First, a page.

A dismissal will be automatically unfair if the reason for it is the outsourcing, or a reason connected with the outsourcing, unless the employer is able to establish an ETO reason.

A redundancy will normally be an ETO reason. Compensation for unfair dismissal is currently capped at £63,000 plus a basic award based on salary, age and length of service, so the potential liabilities are considerable. It is crucial for the parties to address who should accept liability for these risks in the outsourcing agreement.

Who makes the redundancies?

In practice the parties often proceed on the basis that any employees that are surplus to the transferee’s needs are made redundant by the transferor before the transfer.

However, in Hynd v Armstrong and Others it was held that the ETO reason must relate to the employer carrying out the dismissal and so the transferor cannot rely on the transferee’s reduced need for employees. It is therefore difficult for the transferor to implement redundancies before the transfer without assuming this risk.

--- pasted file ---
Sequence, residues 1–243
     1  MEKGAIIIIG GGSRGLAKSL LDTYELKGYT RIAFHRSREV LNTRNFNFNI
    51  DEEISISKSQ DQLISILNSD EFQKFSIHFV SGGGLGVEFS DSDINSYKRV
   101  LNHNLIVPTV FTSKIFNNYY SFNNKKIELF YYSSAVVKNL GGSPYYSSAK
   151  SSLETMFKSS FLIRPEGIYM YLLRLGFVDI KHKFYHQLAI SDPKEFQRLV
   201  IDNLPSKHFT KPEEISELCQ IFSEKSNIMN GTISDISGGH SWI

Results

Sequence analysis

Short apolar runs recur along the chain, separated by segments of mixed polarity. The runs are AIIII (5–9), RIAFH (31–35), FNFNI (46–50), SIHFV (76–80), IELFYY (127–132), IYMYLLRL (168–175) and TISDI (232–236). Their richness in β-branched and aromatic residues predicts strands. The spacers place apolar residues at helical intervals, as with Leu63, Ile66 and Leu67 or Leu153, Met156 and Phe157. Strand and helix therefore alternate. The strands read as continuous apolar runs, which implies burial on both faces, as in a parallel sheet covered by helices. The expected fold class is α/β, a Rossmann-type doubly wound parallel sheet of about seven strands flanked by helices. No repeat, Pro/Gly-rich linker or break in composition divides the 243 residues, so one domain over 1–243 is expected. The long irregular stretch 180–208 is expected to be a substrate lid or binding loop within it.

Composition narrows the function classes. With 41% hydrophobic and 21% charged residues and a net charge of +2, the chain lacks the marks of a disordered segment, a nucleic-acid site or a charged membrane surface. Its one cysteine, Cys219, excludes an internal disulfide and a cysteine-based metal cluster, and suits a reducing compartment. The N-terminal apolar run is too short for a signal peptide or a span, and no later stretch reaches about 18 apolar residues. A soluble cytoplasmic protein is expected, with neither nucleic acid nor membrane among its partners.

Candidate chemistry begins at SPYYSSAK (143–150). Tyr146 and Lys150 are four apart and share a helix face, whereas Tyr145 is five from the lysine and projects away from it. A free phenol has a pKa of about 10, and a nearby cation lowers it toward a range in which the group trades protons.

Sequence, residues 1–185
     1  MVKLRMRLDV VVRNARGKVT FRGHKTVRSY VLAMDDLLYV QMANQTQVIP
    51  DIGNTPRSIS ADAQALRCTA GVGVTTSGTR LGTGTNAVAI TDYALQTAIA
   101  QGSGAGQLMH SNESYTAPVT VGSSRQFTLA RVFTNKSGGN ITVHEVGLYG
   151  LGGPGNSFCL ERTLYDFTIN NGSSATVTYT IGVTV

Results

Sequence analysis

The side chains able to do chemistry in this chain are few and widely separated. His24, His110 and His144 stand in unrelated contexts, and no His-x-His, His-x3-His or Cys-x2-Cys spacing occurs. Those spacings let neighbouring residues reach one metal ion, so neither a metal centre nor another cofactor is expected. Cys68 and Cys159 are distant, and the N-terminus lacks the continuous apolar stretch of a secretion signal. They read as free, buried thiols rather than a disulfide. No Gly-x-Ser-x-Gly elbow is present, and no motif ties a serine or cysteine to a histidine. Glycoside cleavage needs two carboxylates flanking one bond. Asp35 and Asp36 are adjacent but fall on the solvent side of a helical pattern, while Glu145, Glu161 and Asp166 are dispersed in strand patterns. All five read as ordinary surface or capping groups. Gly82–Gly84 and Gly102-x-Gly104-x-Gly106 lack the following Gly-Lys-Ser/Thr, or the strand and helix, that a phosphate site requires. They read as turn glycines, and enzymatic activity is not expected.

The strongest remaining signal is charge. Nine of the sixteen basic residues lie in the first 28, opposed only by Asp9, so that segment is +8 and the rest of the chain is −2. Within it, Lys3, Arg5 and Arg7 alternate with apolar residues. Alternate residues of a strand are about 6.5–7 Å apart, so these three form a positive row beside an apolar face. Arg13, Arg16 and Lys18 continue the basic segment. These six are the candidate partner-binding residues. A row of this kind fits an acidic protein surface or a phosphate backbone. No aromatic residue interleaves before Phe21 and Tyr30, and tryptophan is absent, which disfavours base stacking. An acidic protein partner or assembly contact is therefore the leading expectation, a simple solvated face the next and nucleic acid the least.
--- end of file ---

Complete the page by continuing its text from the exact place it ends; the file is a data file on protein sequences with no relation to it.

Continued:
In Holis Metal Industries Limited v GMB the Employment Appeal Tribunal confirmed that TUPE may apply to transfers from the UK to another country (offshoring), whether the transfer is to a country inside or outside of the EU. Any dismissals made as a result of the offshoring are therefore automatically unfair unless for an ETO reason.

There will potentially be a place of work redundancy as employees are no longer required in the UK. In these circumstances, communication of the offshoring itself gives rise to increased risks. Employees may resign and claim that the transfer overseas involves a substantial change in their working conditions to their material detriment, or claim constructive dismissal as a result of an anticipatory breach of contract (being a change of their place of work).

In practice, most employers seek to minimise potential liabilities by treating employees as redundant.